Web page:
The Fourth Sunday of Easter – Mother’s Day — May 8, 2022
Let think about women on this Mother’s Day.
Because we are a church, we turn to our Bibles and the stories and roles of women. But because the Bible was written primarily, perhaps exclusively, by men in a male dominated culture, we have to work a little harder to read between the lines to allow the women’s stories to come to the fore. A few weeks ago we heard about Mary of Bethany who anointed Jesus just before he entered Jerusalem on Palm Sunday.
Today’s reading from the Acts of the Apostles tells us about Tabitha. The first thing that Luke says about her is that she was a disciple. But there’s no back story here. How did she become a disciple?
She was living in Joppa which is today part of Tel Aviv, a coastal city on the Mediterranean Sea, just a hop, skip, and a jump from Jerusalem some 40 miles away. It’s not out of the question that Tabitha was one of the many female followers and disciples of Jesus. We also see glimpses of other women who actually led churches in some of the cities visited by Paul.
But back to Tabitha. We’re told that “She was devoted to good works and acts of charity.” But that’s just an aside. She has no role in this story . . . other than to be raised from the dead by Peter. She doesn’t say anything, doesn’t interact with anyone. In this story she’s dead, and after Peter prays she sits up, and he gives her a hand to help her stand up. That’s it. She’s just a prop for Peter, and Peter’s fame spreading throughout the region. Tabitha’s story is subservient to the male disciple’s story.
And so it has been throughout the centuries of Christian history which is populated by men. O, there’s a Monica, and a Theresa of Avila, a Catherine of Sienna, and few royal women here and there, but men dominate. Within the Roman Catholic, Orthodox, and most Baptist groups women aren’t equal to men. (They cannot be ordained to serve as priests, bishops, or pastors) despite the teaching in Galatians 3:28 that “There is neither Jew nor Greek, slave nor free, male nor female, for you are all one in Christ Jesus.”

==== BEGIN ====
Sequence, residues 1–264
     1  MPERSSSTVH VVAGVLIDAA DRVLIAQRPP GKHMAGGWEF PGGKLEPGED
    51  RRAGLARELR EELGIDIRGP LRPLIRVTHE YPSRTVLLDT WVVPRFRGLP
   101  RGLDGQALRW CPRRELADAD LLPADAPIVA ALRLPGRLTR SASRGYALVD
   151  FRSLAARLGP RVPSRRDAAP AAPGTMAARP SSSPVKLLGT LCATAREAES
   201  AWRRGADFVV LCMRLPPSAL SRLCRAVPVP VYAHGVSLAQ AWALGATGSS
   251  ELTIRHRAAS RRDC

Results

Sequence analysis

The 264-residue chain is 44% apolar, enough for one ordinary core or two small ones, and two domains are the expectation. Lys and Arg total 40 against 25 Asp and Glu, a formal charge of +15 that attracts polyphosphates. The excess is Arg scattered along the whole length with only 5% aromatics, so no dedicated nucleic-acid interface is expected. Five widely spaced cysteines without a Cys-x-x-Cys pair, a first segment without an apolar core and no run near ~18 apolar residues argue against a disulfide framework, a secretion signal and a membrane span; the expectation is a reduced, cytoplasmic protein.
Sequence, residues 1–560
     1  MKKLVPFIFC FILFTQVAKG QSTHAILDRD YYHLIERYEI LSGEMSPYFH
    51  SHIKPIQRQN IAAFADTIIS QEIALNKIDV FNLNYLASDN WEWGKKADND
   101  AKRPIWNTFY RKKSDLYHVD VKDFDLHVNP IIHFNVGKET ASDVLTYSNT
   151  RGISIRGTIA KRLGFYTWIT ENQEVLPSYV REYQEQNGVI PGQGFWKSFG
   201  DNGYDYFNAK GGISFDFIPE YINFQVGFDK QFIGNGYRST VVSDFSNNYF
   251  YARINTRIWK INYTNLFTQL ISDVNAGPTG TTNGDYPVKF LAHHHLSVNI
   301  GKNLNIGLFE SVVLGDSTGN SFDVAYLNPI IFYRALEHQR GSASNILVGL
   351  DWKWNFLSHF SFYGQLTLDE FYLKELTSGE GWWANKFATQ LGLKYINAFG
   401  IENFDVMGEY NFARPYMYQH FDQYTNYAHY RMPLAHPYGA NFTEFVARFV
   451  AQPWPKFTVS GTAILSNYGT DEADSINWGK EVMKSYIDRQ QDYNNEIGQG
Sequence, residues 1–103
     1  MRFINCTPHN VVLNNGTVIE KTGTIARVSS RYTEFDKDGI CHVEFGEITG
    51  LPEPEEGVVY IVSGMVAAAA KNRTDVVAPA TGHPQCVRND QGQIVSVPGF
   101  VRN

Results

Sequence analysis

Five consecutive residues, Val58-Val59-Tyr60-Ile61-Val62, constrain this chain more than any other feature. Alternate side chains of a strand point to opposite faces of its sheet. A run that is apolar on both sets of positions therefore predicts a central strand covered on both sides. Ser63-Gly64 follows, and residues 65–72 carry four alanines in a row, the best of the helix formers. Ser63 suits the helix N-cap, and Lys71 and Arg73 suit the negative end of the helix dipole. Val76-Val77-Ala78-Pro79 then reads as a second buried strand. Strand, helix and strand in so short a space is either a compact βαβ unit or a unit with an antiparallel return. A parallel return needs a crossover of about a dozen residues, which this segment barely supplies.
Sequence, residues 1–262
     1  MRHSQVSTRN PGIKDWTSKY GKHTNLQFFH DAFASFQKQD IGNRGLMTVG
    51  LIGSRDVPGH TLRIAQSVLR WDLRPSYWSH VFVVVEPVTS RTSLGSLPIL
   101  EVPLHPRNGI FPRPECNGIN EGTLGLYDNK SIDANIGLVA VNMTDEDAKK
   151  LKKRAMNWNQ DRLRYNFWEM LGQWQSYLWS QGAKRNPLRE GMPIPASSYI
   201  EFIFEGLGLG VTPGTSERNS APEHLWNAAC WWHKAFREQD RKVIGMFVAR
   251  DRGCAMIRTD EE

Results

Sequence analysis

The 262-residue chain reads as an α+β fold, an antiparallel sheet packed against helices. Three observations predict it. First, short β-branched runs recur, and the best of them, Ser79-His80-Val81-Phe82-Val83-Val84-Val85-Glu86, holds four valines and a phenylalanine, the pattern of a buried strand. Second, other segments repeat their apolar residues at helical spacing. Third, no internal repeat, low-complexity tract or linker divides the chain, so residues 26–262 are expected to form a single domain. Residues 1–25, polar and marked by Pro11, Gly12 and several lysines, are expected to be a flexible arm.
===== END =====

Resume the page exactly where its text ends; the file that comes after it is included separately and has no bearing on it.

Lest we’re tempted to pat ourselves on the back, it was only in the 1960’s that women won the right to serve on Vestries in the Episcopal Church. And it wasn’t until 1970 that they could be delegates to General Convention.
It was 1970 when female deaconesses were recognized as Deacons serving the same roles as male deacons. In 1974—eleven women deacons were irregularly ordained priests in Philadelphia by three retired bishops. In 1976—General Convention authorized the regular ordination of women priests beginning January 1, 1977.
This coming Saturday I will preach at the funeral of the first woman ordained a priest here in the Diocese of Southern Ohio, The Rev. Doris Mote. I attended that service. It was the 29th of January, 1977, when the service was held at Christ Church, Dayton. As it turned out, the heating system was on the blink, and the inside temperature was in the 50’s. The Rt. Rev. John Krumm, Bishop of Southern Ohio, who had been a champion for women’s ordination in the House of Bishops, declared that many of the opponents of women in priesthood had claimed that “It would be a cold day in hell when that came to pass. Well, that day is here,” he said.